Iowa Bird Watching

As I mentioned in my Monday Musings, I’ve already started to have birds show up on my balcony!  In hopes of attracting more I’ve decided to prioritize getting a feeder up, although I don’t know if it will get much use until I have some plants out there to provide shelter for more cautious birds.  This week’s book, Iowa Bird Watching, was a great introductory resource for a beginning Iowa bird-watcher or for someone like me who is mostly hoping to watch birds from home.  The book includes lists of the best places to go birding and of the top ten must-see birds in Iowa.  In addition, there are beautiful pictures provided for the 100 most common birds in Iowa.  The sections I found most helpful were the bits on what to feed different birds and a list of bird-friendly plants.

The book was well-written with lots of fun facts about each of the 100 most common Iowa birds.  I mostly skimmed the description of each bird, just because 100 birds is a lot to get through! Plus, I knew what I really wanted right now was to find when I could find each bird in Iowa (shown on a handy map on each page) and which birds I could expect to attract to a feeder (indicated by an icon at the top of each page).   I appreciated how easy it was to find this information and enjoyed reading the summaries provided for each bird.

Although I got this book mostly to help me attract birds to my balcony, I do think it could be a lot of fun to try a little bird-watching at other locations.  As a complete novice birder, I wish that the book had included more specific ranges for each bird, instead of just describing the sort of habitat where you might find them.  I expect I can find most of this information online though at bird-tracking sites like eBird.  The book did provide some links, mostly up-to-date, to birding resources online and I’ve included some of them here:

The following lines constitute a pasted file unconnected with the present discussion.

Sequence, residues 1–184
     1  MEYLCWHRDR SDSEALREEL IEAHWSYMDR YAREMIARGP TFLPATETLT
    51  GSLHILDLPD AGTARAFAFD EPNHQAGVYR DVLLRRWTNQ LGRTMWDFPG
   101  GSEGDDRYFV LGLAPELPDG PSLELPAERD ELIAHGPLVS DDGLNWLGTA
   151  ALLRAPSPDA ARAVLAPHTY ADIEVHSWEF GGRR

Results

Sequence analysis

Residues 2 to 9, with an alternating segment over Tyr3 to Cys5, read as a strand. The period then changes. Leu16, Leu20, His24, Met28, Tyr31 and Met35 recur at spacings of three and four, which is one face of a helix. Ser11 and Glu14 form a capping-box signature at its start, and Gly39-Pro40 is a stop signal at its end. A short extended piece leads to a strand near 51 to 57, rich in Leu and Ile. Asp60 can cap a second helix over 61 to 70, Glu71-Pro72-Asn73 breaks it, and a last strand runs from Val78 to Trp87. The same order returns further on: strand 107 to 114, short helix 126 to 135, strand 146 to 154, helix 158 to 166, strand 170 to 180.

Iowa Bird Watching – 4 stars – a solid introductory book with good pictures and easily accessible information, but didn’t really pull me in.


Filed under Nature, non-fiction

3 responses to “Iowa Bird Watching

  1. Pingback: Katie’s #12 #CBR4 Review: Iowa Bird Watching by Bill Thompson « Cannonball Read IV

  2. Pam

    Since you are in Iowa, have you ever been to Ustream to watch the Decorah, IA bald eagle cam? Every year this pair of bald eagles returns to the nest and has babies, and they stream live 24 hrs a day with Nest Cam so you can watch the eggs get laid and the babies hatch and grow. It’s pretty fascinating stuff. I tune in at least a few times every year. Baby bald eagles are sooooo cute!

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